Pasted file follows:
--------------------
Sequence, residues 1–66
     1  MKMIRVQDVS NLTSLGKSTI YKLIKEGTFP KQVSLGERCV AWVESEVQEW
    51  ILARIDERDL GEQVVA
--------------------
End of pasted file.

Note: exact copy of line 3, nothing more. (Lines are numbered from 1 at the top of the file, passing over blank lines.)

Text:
    51  ILARIDERDL GEQVVA